For a detachment that spends a lot of time policing the bar scene and breaking up fights, RCMP use of Tasers - officially referred to as conducted energy weapons (CEWs) - is rare in Whistler.
In the past year, Sergeant Steve Wright says a CEW has only been deployed once after a suspect became combative and started to fight RCMP officers. It was only the second time a CEW has been used in the line of duty in the more than four years that Wright has served with the detachment.
The RCMP has threatened the use of a CEW in three incidents in the past year without having to use the weapon.
"Usually a Taser challenge is sufficient to get people to become compliant," said Sgt. Wright.
This week, in light of the Braidwood Inquiry into the 2007 death of Robert Dziekanski at Vancouver Airport and public concern, RCMP Commissioner William Elliott announced changes to RCMP policy. Officers would still carry the weapons, but now they can only be deployed when there is a significant risk to the officer or the public.
"Usually that means there's some kind of weapon involved like a pipe or a broken bottle," explained Sgt. Wright, although weapons are not necessary to pose a threat of injury.
"Previously the person could be resisting arrest and be combative. Now there must be the risk of injury to the public or our member before deployment."
In a letter to newspapers the RCMP Commissioner said, "We have to be honest about our weaknesses and acknowledge our mistakes," and that "any issues that erode the public's confidence in our work are cause for concern."
Elliott also put the RCMP use of CEWs into perspective:
In 2008, the RCMP responded to three million calls for service, or 7,500 calls per day. Less than half of one per cent of those calls involved the CEWs, and just three per cent of incidents resulted in injury.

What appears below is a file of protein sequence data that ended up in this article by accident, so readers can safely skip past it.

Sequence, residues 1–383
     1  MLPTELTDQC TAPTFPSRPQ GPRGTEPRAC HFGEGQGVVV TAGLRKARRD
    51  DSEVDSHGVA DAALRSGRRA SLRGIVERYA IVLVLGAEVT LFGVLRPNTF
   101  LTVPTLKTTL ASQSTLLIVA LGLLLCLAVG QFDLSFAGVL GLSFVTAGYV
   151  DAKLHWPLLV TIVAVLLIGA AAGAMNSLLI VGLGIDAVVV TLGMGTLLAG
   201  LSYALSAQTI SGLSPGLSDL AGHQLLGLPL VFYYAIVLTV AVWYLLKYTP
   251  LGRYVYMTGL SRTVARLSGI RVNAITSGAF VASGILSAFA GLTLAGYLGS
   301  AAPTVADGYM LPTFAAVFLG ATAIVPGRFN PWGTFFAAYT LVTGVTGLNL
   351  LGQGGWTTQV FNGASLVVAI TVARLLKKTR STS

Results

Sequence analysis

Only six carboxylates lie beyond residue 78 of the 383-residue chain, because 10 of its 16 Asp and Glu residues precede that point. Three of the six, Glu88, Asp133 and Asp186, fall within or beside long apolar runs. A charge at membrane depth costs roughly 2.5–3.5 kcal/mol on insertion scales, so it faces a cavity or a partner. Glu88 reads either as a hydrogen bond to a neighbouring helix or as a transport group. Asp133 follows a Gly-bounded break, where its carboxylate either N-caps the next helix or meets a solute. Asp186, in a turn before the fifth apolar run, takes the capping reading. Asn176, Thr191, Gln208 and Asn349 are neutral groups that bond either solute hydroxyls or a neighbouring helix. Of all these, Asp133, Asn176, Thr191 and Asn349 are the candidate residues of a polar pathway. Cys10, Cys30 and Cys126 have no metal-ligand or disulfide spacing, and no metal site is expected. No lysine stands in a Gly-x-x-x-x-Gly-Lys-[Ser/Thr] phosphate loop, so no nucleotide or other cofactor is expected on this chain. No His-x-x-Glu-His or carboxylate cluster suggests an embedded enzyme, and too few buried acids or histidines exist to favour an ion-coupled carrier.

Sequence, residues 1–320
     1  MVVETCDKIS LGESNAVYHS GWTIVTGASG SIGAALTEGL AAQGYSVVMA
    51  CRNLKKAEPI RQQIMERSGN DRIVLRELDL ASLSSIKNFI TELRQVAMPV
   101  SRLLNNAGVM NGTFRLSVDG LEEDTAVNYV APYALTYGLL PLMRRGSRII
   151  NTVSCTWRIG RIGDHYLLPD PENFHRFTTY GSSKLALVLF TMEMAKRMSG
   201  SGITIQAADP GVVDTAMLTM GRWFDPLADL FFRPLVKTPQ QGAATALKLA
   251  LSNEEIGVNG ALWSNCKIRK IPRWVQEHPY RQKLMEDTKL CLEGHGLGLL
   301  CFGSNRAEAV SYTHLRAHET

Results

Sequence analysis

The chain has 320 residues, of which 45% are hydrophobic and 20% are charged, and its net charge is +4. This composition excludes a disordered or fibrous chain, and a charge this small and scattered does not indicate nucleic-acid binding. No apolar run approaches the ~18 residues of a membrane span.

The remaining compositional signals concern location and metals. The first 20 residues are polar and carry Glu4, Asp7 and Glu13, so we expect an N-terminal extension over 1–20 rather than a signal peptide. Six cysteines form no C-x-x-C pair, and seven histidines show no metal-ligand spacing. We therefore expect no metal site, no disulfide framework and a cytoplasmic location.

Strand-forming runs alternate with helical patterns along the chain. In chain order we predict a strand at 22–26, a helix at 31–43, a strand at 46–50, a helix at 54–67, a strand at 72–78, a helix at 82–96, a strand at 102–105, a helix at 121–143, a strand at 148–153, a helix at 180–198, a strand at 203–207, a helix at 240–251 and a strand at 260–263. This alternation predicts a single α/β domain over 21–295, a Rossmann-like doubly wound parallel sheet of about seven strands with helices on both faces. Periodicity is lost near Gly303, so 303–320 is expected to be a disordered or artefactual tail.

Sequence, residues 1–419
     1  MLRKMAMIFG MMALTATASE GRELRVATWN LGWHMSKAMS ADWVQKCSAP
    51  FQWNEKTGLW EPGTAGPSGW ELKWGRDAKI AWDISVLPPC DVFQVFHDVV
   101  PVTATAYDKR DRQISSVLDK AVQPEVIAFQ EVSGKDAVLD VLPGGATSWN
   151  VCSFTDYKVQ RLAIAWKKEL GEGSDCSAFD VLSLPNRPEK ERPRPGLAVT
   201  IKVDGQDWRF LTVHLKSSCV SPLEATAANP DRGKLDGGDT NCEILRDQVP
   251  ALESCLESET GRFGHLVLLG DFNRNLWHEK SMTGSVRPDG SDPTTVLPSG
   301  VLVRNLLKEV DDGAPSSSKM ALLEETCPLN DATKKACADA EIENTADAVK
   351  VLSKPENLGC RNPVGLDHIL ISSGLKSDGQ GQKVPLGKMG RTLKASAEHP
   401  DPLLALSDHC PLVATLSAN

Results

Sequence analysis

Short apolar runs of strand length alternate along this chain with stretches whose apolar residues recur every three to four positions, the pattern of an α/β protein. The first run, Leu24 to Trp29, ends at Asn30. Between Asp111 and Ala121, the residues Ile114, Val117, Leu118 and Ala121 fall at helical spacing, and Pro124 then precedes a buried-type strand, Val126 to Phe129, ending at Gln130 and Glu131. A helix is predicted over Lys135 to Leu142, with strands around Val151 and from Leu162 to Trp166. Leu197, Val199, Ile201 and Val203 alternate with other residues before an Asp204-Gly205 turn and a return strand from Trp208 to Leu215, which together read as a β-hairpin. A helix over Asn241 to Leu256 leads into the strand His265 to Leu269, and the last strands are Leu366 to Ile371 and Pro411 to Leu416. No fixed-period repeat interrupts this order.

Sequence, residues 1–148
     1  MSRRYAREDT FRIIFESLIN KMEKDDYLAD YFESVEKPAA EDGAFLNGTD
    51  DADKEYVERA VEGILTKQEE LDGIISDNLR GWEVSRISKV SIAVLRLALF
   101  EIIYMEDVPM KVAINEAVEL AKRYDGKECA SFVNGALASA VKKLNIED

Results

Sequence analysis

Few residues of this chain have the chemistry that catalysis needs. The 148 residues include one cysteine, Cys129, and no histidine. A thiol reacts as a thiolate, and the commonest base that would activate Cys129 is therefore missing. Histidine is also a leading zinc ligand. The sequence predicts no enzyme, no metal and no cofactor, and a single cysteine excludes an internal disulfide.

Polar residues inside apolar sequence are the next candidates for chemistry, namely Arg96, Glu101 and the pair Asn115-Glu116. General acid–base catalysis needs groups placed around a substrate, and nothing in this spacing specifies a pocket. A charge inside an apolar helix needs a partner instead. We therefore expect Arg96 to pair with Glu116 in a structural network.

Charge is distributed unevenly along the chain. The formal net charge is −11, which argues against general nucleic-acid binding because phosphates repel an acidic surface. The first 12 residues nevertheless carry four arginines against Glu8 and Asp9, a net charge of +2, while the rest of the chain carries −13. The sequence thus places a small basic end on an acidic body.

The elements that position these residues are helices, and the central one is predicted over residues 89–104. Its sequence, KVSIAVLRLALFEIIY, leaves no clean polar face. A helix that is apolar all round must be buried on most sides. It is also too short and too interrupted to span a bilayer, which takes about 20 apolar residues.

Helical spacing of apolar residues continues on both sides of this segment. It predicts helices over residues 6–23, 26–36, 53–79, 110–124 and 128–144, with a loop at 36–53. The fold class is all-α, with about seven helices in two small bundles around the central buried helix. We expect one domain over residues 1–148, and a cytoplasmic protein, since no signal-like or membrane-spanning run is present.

In more than half of cases, CEW use was restricted to showing or threatening to use the weapon.
"The RCMP is keenly aware that we must constantly assess our policies and practices and be ready to make appropriate changes," wrote Elliott. "In this vein, we have further restricted situations in which CEWs can be deployed, and CEW deployment has declined by 30 per cent."
According to Sgt. Wright just 10 members of the 35-member Whistler detachment are certified to use CEWs. Schedules are made to ensure that at least one CEW-certified officer is on every shift if a situation arrives.
Two more vehicles stolen in Sea to Sky
While the frequency of motor vehicle thefts has dropped off since nine vehicles were stolen in a four-week period at the start of the year, vehicles are continuing to go missing in Sea to Sky. RCMP are investigating to see whether the latest two thefts are related to each other, or to other thefts in the corridor.
Between 4:30 p.m. on April 16 and 12:30 a.m. April 17 a green 1993 Nissan Pathfinder, licence plate KHW 461, was stolen from the commuter parking in Pemberton. The lot is opposite the Petro Canada by the visitor centre. The vehicle has a large push bar in front and a new Yakima roof rack.
Between 10 p.m. on April 18 and 2 a.m. April 19 a blue 1991 Mazda pickup truck, licence BH 1274, was stolen from the Fairmont Chateau Whistler parking area.
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